• A platform that delivers customized, personalized learning within a self-directed course (meant for those content creators who want to deliver more sophisticated courses/modules while moving people through the relevant Zones of Proximal Development)
  • Notifications and/or inspirational quotes will be available upon request to help provide motivation, encouragement, and accountability – helping learners establish habits of continual, lifelong-based learning
  • (Potentially) An online-based marketplace, matching learners with teachers, professors, and other such Subject Matter Experts (SMEs)
  • (Potentially) Direct access to popular job search sites
  • (Potentially) Direct access to resources that describe what other companies do/provide and descriptions of any particular company’s culture (as described by current and former employees and freelancers)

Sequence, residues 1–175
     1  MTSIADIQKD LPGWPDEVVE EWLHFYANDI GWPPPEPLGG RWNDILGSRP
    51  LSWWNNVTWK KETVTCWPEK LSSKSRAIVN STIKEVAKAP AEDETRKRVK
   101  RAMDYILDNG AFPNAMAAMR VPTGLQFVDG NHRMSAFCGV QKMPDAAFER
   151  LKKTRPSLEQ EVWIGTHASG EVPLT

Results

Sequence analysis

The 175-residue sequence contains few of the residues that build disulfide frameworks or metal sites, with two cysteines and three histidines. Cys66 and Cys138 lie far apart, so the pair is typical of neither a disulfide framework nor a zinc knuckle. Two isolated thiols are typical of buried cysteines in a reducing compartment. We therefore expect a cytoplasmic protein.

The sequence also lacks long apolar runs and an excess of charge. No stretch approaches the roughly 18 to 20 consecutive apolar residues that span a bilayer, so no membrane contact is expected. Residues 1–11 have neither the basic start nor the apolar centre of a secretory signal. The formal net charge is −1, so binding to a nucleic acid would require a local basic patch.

• (Potentially) Integration with one-on-one tutoring services

Further details here >>

 

 

 



Addendum from DSC (regarding the resource mentioned below):
Note the voice recognition/control mechanisms on Westinghouse’s new product — also note the integration of Amazon’s Alexa into a “TV.”



 

Westinghouse’s Alexa-equipped Fire TV Edition smart TVs are now available — from theverge.com by Chaim Gartenberg

 

The key selling point, of course, is the built-in Amazon Fire TV, which is controlled with the bundled Voice Remote and features Amazon’s Alexa assistant.

 

 

 

Finally…also see:

  • NASA unveils a skill for Amazon’s Alexa that lets you ask questions about Mars — from geekwire.com by Kevin Lisota
  • Holographic storytelling — from jwtintelligence.com
    The stories of Holocaust survivors are brought to life with the help of interactive 3D technologies.
    New Dimensions in Testimony is a new way of preserving history for future generations. The project brings to life the stories of Holocaust survivors with 3D video, revealing raw first-hand accounts that are more interactive than learning through a history book.  Holocaust survivor Pinchas Gutter, the first subject of the project, was filmed answering over 1000 questions, generating approximately 25 hours of footage. By incorporating natural language processing from the USC Institute for Creative Technologies (ICT), people are able to ask Gutter’s projected image questions that trigger relevant responses.